There are a handful of digital-specific guidance documents for European pharma companies, but generally rules are written for a Web 1.0 (or, arguably, Web 0.1) world.
Where that is the case careful reading is required to translate them into a Web 2.0 environment, particularly because there is no single official source that will spell out for marketers what they can and can't do.
So much rests on interpretation, the internal will to push the boundaries and being able to reconcile these within company, national and European rules and regulations.
“The challenges for rolling things out globally are always regulatory,” says Boehringer Ingelheim's director of digital John Pugh.
“Different markets have different regulations and different interpretations of those regulations. Also, different regions use different platforms or prefer different forms of comms. So, when trying to plan a global campaign, it gets difficult to have a one size fits all solution.”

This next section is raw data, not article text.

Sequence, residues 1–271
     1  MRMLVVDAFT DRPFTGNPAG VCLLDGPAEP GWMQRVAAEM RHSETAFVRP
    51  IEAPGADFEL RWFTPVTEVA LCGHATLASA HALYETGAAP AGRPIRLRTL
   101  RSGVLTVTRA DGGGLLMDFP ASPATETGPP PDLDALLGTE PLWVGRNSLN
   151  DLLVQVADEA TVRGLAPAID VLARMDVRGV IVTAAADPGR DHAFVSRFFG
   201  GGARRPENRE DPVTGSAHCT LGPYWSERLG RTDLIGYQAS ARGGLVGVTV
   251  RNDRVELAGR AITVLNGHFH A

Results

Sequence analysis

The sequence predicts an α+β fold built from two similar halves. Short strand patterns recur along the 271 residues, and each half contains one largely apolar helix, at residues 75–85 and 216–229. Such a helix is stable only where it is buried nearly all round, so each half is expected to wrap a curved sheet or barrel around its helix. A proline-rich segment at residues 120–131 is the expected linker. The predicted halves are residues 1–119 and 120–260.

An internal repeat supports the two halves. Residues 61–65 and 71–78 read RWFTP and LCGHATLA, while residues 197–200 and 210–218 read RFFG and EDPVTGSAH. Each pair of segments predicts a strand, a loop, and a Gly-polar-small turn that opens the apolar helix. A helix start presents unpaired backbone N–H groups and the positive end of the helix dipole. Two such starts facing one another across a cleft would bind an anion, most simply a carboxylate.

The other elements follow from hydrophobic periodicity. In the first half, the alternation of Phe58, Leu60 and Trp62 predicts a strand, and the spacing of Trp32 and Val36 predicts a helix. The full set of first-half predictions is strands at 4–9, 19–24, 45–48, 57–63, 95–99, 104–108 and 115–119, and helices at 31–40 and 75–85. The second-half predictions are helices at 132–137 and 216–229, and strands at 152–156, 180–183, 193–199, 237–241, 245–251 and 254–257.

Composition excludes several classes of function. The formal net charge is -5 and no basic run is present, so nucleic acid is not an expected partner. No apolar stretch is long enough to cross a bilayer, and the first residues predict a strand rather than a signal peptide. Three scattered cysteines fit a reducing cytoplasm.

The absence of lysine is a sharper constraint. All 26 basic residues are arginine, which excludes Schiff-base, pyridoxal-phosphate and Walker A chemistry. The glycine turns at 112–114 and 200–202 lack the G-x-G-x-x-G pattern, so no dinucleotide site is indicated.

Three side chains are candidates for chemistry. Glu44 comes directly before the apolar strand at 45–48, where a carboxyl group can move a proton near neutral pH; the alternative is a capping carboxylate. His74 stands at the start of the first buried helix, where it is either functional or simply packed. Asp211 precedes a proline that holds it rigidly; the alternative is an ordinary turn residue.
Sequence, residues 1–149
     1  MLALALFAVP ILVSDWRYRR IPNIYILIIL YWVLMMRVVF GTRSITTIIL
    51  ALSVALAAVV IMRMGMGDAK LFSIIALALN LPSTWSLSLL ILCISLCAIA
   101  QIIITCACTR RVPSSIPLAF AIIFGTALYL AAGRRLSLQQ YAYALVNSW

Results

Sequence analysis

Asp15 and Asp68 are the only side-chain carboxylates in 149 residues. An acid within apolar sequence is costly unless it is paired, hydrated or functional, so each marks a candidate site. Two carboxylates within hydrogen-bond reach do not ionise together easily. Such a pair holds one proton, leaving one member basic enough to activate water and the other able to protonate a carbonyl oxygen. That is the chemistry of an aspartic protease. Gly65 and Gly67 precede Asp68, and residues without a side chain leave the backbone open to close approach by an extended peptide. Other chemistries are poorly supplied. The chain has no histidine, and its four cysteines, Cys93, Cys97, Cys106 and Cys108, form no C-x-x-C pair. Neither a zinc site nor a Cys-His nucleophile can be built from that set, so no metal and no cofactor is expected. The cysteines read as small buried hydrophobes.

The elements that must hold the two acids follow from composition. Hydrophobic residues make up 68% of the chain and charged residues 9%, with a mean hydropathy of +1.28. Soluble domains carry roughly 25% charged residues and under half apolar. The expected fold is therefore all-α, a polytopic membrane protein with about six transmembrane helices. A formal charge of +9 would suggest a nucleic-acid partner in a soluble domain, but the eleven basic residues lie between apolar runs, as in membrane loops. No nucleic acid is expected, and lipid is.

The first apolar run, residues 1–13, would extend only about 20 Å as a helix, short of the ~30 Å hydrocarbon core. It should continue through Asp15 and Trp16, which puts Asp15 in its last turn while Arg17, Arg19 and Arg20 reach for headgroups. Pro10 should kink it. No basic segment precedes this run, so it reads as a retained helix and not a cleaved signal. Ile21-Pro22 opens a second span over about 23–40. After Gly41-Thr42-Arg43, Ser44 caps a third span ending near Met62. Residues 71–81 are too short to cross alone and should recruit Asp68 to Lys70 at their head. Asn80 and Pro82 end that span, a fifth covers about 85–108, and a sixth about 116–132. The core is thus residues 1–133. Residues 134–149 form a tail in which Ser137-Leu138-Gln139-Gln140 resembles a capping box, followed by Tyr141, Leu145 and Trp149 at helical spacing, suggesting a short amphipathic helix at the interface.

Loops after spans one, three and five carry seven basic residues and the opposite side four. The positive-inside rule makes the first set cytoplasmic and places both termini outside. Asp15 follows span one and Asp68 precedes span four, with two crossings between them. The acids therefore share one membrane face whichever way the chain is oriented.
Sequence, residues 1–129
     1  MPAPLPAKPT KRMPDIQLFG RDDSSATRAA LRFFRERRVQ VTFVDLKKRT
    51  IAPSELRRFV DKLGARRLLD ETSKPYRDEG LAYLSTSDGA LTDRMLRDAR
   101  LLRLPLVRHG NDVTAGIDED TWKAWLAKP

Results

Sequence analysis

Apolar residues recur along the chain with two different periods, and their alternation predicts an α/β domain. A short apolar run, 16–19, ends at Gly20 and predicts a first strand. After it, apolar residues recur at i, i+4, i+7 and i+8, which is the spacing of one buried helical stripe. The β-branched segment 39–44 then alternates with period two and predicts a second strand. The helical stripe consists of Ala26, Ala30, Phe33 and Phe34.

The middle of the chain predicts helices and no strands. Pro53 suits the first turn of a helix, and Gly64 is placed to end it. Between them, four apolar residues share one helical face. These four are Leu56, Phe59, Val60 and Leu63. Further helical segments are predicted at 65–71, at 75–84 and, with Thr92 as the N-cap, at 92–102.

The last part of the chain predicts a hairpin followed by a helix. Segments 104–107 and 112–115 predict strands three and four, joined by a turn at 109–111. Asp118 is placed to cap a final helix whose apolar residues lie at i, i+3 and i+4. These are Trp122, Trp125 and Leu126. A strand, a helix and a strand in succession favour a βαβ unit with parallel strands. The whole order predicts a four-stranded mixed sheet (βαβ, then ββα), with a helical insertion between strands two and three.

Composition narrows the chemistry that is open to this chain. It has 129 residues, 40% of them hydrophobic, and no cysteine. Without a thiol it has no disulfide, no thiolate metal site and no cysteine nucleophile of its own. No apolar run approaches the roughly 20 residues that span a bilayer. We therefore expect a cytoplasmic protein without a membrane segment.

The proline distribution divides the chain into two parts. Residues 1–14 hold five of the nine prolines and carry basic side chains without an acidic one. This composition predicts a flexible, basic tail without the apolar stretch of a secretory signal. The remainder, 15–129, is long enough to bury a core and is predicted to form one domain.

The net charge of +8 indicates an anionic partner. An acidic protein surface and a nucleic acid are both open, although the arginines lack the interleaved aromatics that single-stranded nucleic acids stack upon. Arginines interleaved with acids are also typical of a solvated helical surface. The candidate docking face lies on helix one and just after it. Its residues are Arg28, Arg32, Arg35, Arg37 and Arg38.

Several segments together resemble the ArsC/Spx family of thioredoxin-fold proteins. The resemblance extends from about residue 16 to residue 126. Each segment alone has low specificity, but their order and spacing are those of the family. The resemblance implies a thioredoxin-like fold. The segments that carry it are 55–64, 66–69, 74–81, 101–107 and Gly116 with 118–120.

The starting point should be the national codes of practice produced by industry associations like the Association of the British Pharmaceutical Industry (ABPI) and the rules of the national competent authorities, bodies such as the French Agency for the Safety of Health Products (AFSAAPS).
Then there are the pharmacovigilance (PV) regulations, which exist at a national level and EU level, and finally post-marketing and clinical regulations in each of the territories.